Some pitch shots require a high trajectory, either to carry a bunker or to get the ball close to a tight pin. A common mistake I see among amateurs is cutting across the ball on an outside-to-inside swing path (inset), as if they're playing a bunker shot.
You can create plenty of loft swinging toward the target (top), instead of cutting across the ball (above), as long as you don't turn the face over.
It rarely works, because the hosel comes into the ball at a steep angle ahead of the clubface, often resulting in a fat shot or the dreaded shank. Even if you make clean contact, the ball rarely starts on line.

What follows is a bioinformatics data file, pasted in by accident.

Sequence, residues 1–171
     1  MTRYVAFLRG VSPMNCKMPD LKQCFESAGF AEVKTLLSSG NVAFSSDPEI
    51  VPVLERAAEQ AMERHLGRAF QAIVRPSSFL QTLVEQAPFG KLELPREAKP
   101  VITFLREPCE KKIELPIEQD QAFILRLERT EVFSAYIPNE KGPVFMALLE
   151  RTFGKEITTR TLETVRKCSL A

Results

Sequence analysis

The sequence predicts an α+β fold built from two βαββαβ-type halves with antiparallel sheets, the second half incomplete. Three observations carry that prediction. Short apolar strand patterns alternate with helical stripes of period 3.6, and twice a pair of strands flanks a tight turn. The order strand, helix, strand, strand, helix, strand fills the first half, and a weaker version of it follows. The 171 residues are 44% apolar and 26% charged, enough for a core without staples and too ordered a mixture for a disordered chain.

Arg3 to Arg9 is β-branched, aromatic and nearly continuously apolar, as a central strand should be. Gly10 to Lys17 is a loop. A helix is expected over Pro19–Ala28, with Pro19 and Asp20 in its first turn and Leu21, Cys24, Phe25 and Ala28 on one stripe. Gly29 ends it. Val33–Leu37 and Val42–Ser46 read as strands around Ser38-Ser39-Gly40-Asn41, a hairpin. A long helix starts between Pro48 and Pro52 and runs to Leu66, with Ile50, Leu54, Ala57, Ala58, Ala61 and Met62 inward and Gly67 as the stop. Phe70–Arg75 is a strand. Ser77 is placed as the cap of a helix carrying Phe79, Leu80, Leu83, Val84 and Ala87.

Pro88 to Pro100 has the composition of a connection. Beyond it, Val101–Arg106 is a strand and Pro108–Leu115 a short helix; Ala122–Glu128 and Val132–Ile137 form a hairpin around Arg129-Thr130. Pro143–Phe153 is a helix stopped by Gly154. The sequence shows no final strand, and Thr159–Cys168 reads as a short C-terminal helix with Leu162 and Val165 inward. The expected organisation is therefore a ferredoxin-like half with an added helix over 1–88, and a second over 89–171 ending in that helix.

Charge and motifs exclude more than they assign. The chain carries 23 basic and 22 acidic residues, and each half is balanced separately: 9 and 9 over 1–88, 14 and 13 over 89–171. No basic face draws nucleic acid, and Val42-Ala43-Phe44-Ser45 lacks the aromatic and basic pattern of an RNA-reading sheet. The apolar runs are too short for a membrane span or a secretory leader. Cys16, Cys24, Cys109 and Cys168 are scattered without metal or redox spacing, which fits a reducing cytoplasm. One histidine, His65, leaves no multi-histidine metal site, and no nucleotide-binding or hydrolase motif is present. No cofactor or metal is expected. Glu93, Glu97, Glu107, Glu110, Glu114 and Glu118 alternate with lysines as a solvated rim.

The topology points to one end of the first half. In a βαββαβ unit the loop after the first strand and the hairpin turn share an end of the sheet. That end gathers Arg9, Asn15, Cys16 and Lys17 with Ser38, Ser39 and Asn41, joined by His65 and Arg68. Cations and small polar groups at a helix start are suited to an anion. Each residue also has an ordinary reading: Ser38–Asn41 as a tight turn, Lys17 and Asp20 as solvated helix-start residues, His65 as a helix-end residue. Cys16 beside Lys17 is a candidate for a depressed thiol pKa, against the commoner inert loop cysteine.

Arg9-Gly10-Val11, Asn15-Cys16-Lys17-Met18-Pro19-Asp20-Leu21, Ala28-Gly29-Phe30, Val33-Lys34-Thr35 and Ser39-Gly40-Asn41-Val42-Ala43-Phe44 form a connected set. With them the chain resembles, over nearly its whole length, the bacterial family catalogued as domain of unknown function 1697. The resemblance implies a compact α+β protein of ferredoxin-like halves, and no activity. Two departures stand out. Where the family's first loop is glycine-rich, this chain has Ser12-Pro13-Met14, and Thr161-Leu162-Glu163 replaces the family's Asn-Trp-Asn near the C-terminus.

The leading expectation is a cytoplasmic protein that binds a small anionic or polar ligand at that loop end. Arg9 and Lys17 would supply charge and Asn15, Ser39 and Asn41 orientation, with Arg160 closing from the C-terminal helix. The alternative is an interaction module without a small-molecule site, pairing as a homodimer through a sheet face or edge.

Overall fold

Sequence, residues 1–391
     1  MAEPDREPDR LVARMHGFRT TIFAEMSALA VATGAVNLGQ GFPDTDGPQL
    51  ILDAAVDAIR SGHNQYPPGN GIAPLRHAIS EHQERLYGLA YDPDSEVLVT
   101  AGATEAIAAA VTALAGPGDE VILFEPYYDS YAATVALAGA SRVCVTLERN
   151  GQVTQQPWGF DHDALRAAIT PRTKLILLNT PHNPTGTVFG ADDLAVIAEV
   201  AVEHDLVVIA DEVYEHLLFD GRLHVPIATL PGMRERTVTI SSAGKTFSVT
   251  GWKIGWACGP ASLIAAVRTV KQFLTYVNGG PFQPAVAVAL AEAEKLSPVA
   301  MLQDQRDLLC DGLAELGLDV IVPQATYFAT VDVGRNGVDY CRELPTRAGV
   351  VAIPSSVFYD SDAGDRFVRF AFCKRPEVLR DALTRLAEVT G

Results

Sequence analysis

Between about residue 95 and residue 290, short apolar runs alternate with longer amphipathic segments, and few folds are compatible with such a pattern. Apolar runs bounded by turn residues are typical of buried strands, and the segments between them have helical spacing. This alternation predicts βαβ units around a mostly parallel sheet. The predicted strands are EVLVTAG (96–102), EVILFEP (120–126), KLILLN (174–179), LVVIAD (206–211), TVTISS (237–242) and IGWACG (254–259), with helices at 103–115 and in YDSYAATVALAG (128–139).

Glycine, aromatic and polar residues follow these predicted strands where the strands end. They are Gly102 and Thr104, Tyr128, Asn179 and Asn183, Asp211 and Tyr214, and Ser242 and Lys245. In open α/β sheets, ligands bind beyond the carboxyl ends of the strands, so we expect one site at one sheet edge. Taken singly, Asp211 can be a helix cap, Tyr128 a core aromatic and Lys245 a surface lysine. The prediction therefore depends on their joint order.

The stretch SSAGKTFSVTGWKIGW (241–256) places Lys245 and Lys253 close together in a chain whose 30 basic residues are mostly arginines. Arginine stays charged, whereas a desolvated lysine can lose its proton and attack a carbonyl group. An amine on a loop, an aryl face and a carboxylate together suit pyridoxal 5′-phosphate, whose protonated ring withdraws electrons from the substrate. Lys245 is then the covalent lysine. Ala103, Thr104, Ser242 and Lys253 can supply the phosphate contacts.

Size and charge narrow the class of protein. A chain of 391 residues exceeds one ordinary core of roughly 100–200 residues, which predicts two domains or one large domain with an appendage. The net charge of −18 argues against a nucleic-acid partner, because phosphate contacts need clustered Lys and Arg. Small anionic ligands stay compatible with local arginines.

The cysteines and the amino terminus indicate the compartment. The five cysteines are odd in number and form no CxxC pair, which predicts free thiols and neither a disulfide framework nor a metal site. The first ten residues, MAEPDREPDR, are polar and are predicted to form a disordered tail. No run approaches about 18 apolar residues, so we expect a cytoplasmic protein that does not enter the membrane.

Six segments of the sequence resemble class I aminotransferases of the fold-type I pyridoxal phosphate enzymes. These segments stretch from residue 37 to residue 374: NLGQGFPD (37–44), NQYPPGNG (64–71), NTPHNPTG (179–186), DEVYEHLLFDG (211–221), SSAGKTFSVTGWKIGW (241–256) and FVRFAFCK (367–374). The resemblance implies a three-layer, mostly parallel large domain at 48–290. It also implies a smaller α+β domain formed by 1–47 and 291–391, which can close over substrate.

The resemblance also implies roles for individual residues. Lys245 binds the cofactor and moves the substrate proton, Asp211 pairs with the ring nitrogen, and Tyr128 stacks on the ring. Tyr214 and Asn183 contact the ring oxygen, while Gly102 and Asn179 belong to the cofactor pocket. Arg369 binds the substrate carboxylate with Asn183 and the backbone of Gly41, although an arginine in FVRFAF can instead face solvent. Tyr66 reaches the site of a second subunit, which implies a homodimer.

The key is to aim your most lofted wedge at the target, and then swing directly down the target line (above). Make sure you hinge your wrists fully on the backswing, and then accelerate through with your arms. Don't "release" the club, because you'll ruin your smooth rate of acceleration and have trouble keeping the clubface aimed at the target through impact. Just slide the clubface under the ball, and it will pop up nicely and fly straight. Don't count on a lot of run -- the height of the shot and the spin you impart from the clean contact will cause the ball to settle quickly.